IP banning can be useful in controlling trackback spam and other forms of website incursions, but its usefulness is limited and it may be difficult or time-consuming to implement. IP banning has limited usefulness because many spammers routinely switch IP addresses frequently or use rotating IP addresses and because your hosting service may resist or ignore requests to ban IP addresses, especially if you make such requests frequently or request a ban on a large IP address block. As I mentioned previously, IP banning can be undertaken at a variety of levels. These levels include law enforcement, ISP, hosting service, account and application level.

Your chances of getting an IP address banned at the law enforcement level are, shall we say, slim to none. Unless an Internet operator is perpetrating fraud involving identity theft, overt invasion of computer resources (cracking) at the corporate level, or theft of financial resources, you might as well not waste your time.

IP banning at the ISP level is typically frustrating and can involve risk. While some ISPs actively attempt to discourage spamming, this usually involves only email spam using fairly unsophisticated techniques. In some cases, spamming and other forms of website incursion are instigated by organized crime syndicates. It is not uncommon to find ISPs in league with or set up by crime syndicates for the express purpose of committing fraud and deception. Therefore, do not waste your time or expose your personal information by attempting to complain about spamming practices to an ISP outside of your home country, especially those outside of the U.S., Canada, Western Europe and Australia.

IP banning at the web host level tends to be somewhat more effective than at the two levels previously mentioned. Your success here depends in part upon how much your hosting service desires to keep you, their paying customer, happy. When making a request to your hosting service to ban an IP address or IP address block, use common sense with regard to what you request and provide as much proof as possible relating to any improper access to support your contention that a ban is necessary. A good web hosting service, when receiving a valid request to ban an IP address, may do so not just for your account but across all accounts they service.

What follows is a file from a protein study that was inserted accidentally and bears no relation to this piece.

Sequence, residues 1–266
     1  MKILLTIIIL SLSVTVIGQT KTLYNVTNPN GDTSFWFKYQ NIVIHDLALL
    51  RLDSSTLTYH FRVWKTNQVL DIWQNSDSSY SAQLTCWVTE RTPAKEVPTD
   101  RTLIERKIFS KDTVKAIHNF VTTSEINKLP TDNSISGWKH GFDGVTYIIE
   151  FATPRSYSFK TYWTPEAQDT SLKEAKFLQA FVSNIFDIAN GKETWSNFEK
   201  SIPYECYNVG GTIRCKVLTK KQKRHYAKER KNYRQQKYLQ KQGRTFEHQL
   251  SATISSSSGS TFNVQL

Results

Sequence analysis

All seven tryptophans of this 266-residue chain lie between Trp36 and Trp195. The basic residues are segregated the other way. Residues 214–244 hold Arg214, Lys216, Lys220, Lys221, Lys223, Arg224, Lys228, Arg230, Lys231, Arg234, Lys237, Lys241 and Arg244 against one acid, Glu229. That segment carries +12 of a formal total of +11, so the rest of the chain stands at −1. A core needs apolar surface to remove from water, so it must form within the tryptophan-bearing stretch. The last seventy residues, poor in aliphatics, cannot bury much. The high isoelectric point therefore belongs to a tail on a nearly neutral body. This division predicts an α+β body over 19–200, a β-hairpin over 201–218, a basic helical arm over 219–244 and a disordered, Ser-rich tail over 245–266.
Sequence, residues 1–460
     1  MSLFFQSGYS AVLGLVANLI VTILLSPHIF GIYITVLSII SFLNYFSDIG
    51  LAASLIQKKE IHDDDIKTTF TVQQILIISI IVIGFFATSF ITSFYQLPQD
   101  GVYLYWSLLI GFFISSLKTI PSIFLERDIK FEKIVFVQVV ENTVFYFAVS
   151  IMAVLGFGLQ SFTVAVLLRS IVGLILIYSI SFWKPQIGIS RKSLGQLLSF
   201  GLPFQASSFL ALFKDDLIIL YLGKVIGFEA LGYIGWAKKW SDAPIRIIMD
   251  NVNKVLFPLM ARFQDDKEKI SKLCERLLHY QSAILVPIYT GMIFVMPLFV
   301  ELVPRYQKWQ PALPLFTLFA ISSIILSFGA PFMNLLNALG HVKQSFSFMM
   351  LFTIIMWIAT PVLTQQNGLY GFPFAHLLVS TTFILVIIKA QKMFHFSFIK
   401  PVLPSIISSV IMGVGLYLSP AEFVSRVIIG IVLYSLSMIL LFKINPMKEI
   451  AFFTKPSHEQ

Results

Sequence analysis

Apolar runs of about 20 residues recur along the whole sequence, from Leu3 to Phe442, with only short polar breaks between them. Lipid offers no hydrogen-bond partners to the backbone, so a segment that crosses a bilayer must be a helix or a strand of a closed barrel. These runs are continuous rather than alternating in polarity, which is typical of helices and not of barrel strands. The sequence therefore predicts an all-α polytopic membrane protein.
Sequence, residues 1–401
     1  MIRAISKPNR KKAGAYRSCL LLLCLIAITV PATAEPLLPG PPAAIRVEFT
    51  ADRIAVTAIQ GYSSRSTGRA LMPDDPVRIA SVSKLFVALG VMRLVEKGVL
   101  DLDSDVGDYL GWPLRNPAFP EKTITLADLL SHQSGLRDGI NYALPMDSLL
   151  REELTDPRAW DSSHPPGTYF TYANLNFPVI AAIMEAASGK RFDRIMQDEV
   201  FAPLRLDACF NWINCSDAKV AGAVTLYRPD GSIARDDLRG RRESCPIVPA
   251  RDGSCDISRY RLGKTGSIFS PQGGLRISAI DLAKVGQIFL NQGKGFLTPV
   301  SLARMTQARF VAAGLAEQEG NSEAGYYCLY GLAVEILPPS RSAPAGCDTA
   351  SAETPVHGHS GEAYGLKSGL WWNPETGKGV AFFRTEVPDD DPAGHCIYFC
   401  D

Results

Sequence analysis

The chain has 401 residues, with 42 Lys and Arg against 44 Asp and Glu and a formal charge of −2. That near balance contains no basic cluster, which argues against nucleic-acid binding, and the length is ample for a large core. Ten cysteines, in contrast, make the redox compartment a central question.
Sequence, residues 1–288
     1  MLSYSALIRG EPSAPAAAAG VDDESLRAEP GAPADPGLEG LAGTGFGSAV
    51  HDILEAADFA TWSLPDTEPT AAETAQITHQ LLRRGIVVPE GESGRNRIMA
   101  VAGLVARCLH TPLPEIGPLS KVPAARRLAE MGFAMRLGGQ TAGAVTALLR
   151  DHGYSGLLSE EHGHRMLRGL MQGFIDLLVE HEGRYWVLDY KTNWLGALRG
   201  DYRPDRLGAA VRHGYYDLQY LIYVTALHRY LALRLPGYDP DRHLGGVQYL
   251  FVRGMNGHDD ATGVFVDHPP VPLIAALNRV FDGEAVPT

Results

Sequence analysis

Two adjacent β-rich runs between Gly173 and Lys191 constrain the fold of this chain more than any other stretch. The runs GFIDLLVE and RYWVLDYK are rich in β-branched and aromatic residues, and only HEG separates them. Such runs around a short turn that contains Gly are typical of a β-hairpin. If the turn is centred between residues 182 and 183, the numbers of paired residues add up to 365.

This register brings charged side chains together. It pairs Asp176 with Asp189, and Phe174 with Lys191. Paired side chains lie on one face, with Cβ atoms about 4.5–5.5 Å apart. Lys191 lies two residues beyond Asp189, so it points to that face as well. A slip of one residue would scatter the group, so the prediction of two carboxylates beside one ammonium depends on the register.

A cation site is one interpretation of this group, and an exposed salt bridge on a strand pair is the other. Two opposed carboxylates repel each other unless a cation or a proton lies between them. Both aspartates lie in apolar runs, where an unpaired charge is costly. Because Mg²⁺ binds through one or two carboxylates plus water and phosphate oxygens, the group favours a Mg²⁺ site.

If you use FTP to upload files, have your account hosted on an Apache server, have a working knowledge of the .htaccess file structure, and if your hosting service permits you to upload your own .htaccess file, you may be able perform IP blocking yourself at the account level. Be extremely careful if choosing this option; formats for proper utilization of the .htaccess file can be difficult to master. If you set up a rule incorrectly, you may do more harm than good (possibly without realizing your error). A single typo can render your website totally inoperative. (Yep, I’ve done this a couple of times, and can tell you that finding the error can be a real bear.)

Finally, you may be able to perform IP banning at the application level. Your blogging software may have the ability to ban IP addresses. If so, it is relatively easy to type in the offending addresses, although you may have to enter these individually rather than as a range. In addition to being able to ban IP addresses within my blog, I have written software to ban both individual IP addresses and IP address ranges within the content management system (CMS) I have designed to maintain the Ten Spider Enterprises website. If you use a CMS with this capability, application-based IP banning may be relatively easy to accomplish.

Of the five levels of IP banning I have described, only the latter three are truly effective. It is important to note that an IP address banned by your hosting service never reaches your account (domain); likewise, an IP address blocked by .htaccess does not reach your applications (blog, web page requests, etc.). However, an IP address blocked by a single application, such as your blog, can still reach other non-embedded applications, such as your web pages, if these are on the same domain.

Trackback can be an extremely useful tool for the blogger and should be utilized when available. However, in today’s age of internet tricksters and scam artists, trackback spam is a real threat that must be countered with due diligence and aggressive website security strategies.

Authored by Kenneth L. Anderson.  Original article published 23 March 2007.

Follow links to the right to learn more about trackback, trackback spam, ip banning and ip blocking. At the left margin, Related Links address topics of interest pertaining to business and ecommerce. View the Internet Business & eCommerce SiteMap for a complete list of internet business, web business, website promotion and ecommerce topics.